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Choosing A Real Estate Agent To Help Sell Your Home
(from Chapter 6 - Steiners Complete How To Move Handbook) 
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(Recommended in Cosmopolitan Magazine )
The first step in finding an agent is to ask for referrals from neighbors. It's an old real estate adage that there are three keys to a good real estate buy--location, location, location. Although I'd have to add timing, timing, timing to that list, location specialization is the key to a good agent for selling your home. If your aunt across town has a fabulous agent, talk to the agent, but only to find out who's recommended in your neighborhood. If your uncle sells real estate in your area, consider a policy of not using friends or family--it may keep you from some nasty internecine strife.
Other good methods for developing your agent short list are to take down names and telephone numbers from area signs or area newspaper ads. If you know an agency name, but not which agent is right for your neighborhood, ask the agency office manager whom she would recommend. Looking agencies up in the Yellow Pages is difficult, because you usually can't tell which agency specializes in your area. Don't call your local Board of Realtors. They may confirm whether or not someone is licensed, but they do not recommend.

Discount Agencies

The Yellow Pages are good for finding discount agencies--one way to go, if you're willing to shoulder Open Houses and/or other traditional agent responsibilities for a lower fee. Help-U-Sell, a large, national franchiser, offers a menu of choices that range from set fees starting at $500 and paid whether or not your sale closes, to a reduced commission rate. Other agencies have other plans. Discounters should be interviewed like any other agent as you are making your listing decision. 

Points to Cover When Interviewing Prospective Agents

  1. Talk to five or six agents on the telephone to get a feel for people who seem easy to work with and knowledgeable. Take control of the conversation early by asking questions, rather than answering their questions. Phrase your queries so their answers won't reflect what they think you want to hear.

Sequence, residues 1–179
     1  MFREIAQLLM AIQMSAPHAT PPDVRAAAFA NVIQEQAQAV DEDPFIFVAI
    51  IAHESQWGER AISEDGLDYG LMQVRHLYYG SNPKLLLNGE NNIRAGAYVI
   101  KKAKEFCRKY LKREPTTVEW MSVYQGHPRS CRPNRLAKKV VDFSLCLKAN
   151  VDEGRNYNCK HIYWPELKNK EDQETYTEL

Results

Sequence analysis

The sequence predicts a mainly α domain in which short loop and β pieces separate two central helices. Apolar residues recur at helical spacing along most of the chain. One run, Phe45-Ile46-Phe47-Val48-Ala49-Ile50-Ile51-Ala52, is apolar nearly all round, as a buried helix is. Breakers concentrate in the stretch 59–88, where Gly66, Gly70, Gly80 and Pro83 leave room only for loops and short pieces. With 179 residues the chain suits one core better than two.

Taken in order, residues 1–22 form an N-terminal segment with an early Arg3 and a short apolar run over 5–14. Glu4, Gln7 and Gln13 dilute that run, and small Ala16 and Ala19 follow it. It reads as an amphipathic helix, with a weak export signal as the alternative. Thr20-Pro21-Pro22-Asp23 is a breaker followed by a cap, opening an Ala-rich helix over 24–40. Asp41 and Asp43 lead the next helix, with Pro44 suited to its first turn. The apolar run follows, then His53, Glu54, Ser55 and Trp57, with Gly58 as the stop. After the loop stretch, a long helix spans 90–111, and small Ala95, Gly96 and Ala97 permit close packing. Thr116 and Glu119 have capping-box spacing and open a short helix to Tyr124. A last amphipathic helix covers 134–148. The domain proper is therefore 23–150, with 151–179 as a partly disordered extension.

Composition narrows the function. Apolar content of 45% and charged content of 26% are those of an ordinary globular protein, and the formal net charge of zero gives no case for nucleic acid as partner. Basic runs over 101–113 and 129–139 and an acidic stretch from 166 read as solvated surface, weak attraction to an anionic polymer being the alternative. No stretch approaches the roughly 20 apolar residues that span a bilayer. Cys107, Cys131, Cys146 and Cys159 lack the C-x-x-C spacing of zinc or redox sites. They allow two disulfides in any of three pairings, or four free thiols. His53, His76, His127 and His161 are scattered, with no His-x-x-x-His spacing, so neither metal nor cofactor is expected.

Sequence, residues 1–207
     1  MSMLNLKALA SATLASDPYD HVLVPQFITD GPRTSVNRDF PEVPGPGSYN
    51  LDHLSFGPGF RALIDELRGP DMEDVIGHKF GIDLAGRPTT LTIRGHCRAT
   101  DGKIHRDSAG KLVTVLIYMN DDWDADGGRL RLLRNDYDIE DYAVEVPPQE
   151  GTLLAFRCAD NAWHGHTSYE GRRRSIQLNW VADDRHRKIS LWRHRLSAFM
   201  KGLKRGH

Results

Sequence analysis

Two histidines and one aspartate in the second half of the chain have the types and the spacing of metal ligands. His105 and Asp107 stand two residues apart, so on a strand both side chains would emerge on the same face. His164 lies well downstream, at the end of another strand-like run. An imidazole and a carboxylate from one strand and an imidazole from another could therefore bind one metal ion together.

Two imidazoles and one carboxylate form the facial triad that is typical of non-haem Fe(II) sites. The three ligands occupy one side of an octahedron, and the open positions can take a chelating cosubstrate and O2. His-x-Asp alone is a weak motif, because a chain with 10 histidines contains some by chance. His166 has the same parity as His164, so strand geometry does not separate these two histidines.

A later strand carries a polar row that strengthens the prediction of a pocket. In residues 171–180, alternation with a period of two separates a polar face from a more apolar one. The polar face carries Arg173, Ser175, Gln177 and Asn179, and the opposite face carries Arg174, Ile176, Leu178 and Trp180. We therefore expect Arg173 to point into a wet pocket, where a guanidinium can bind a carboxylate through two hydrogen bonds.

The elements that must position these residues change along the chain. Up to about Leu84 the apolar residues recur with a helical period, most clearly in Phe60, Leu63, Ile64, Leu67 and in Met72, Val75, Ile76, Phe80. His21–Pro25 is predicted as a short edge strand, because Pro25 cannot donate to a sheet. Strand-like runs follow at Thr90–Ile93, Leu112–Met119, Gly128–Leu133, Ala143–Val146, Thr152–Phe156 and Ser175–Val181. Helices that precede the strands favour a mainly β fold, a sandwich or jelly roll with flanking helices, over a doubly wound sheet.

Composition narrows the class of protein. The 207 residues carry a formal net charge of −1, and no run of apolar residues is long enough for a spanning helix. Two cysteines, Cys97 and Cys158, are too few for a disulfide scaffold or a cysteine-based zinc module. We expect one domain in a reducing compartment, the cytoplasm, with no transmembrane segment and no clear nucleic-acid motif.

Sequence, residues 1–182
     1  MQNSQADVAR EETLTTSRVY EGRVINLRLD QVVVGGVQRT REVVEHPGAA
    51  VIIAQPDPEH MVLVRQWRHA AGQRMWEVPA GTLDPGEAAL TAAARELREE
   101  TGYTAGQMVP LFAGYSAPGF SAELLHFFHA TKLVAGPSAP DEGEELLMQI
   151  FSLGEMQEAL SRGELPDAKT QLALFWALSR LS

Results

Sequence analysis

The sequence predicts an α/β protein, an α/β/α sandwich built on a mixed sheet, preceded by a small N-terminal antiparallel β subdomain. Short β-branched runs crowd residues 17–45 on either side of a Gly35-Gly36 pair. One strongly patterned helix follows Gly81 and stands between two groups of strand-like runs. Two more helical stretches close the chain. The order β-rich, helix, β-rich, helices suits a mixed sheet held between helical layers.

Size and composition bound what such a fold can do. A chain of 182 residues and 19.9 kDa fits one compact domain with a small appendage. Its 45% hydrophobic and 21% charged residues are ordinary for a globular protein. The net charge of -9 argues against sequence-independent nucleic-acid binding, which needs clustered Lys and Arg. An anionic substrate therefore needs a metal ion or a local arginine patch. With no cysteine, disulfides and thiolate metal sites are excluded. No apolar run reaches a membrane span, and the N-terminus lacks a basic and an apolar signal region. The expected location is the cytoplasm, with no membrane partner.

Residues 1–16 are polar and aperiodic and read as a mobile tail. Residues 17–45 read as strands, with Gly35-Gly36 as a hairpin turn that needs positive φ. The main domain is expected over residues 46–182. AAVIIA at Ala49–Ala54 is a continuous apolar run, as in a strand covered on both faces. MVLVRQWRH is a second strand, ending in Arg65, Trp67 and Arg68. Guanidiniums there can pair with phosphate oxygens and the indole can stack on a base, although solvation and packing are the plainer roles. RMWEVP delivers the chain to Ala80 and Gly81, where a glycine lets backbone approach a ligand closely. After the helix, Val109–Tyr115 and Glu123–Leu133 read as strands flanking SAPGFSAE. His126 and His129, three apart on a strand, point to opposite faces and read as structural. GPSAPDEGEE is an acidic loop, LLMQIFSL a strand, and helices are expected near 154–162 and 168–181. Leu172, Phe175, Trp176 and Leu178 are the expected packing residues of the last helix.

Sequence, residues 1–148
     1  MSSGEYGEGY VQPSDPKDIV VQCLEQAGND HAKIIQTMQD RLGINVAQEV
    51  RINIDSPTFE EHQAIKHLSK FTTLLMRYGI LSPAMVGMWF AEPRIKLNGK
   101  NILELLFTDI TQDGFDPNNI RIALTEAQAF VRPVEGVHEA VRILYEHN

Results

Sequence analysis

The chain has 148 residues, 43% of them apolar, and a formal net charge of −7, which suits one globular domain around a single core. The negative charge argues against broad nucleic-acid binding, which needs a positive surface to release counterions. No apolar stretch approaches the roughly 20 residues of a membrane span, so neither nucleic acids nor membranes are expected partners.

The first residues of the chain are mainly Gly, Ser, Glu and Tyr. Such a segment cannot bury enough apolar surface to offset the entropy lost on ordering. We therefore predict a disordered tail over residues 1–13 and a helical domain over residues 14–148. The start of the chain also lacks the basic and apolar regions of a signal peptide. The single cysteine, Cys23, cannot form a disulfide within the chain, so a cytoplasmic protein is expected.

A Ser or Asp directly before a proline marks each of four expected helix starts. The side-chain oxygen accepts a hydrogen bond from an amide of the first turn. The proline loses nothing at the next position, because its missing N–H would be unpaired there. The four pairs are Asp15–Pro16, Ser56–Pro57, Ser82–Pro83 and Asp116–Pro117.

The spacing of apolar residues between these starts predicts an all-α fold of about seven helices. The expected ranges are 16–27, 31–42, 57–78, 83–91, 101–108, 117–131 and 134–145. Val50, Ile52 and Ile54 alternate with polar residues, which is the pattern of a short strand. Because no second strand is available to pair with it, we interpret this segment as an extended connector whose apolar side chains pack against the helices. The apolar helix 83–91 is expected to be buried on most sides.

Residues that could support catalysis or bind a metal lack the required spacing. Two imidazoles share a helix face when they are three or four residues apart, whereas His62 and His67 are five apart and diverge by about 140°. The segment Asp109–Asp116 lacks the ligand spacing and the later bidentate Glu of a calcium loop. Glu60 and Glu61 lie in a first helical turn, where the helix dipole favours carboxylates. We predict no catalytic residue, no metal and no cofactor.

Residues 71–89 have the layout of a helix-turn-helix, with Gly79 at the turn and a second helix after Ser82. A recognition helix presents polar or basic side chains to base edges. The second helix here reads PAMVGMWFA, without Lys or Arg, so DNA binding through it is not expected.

3. Don't start scheduling presentations with them immediately. Instead, take notes on their responses on the "Seller's Real Estate Agent" evaluator provided in Appendix A of Steiners' Complete How To Move Handbook. You'll be able to see who the top candidates are by totaling their scores.
Listing Presentations --Your Inside Track to Marketing Know-How

Evaluate all of your contacts, then call back the three you felt best about, and set up listing presentation appointments. Try to schedule them for different days, so that it will be easier to assimilate their information. These presentations can give you vital insights into your local real estate market, but rarely do all the facts assemble themselves coherently without your stopping to think them through.

Ask all three to include in their presentations: 

- A Comparative Market Analysis (CMA) of your property, listing:

  • a. All the homes which have sold in your neighborhood in the past year, their prices and attributes. Some people like the agent to weed out the complete sales list, and only present three or four of the ones the agent feels are "most comparable," i.e., the homes appraisers likely use as comparisons when they set the lender's appraised value. We prefer to do our own weeding out.
  • b. All the homes which are currently listed in your neighborhood, their prices and attributes. Again, your preference may be to have the agent give you only a short list of "most comparables."
  • c. A three- to five-year quarterly tracking of median or average sales prices, number of homes sold and number of Days on the Market for your neighborhood and several others in your city. As outlined earlier in this chapter, these are the numbers that will help you analyze the market, whether or not you should try a high asking price and how long before you may have to consider reducing your price. If you get your price right at the outset, you can figure you'll close the sale in the average amount of time. - A Marketing Plan outlining any changes they think you should make--paint the exterior, clean out the garage, etc.; who she feels best fits your Buyer Profile; how to analyze when a price reduction is in order, etc.
- Background Information on their agency and themselves with references

Look for at least two years in operation for the agent, five for the company. Although every year of experience can mean better skills at selling and solving problems, many times newer, but established, agents and companies try harder. Some agents can be very good after only six months of experience.  Copyright (c) 1998-2000 by Independent Information Publications - All rights reserved

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